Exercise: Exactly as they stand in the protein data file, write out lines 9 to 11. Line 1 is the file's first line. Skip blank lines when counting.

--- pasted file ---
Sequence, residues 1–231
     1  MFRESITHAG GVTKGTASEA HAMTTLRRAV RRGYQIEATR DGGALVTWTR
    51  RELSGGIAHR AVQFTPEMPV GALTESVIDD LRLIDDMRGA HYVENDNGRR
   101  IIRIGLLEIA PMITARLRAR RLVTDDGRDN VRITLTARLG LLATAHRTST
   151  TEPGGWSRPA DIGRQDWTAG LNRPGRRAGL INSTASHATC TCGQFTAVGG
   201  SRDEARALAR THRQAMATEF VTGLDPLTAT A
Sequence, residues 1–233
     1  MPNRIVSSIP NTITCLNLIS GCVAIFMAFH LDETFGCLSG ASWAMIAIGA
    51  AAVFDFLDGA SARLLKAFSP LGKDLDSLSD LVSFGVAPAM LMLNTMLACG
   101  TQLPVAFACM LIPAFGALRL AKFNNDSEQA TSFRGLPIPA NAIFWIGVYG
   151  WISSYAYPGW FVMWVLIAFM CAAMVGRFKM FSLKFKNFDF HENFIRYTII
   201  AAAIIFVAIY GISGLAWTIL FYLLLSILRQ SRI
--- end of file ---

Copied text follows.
    51  AAVFDFLDGA SARLLKAFSP LGKDLDSLSD LVSFGVAPAM LMLNTMLACG
   101  TQLPVAFACM LIPAFGALRL AKFNNDSEQA TSFRGLPIPA NAIFWIGVYG
   151  WISSYAYPGW FVMWVLIAFM CAAMVGRFKM FSLKFKNFDF HENFIRYTII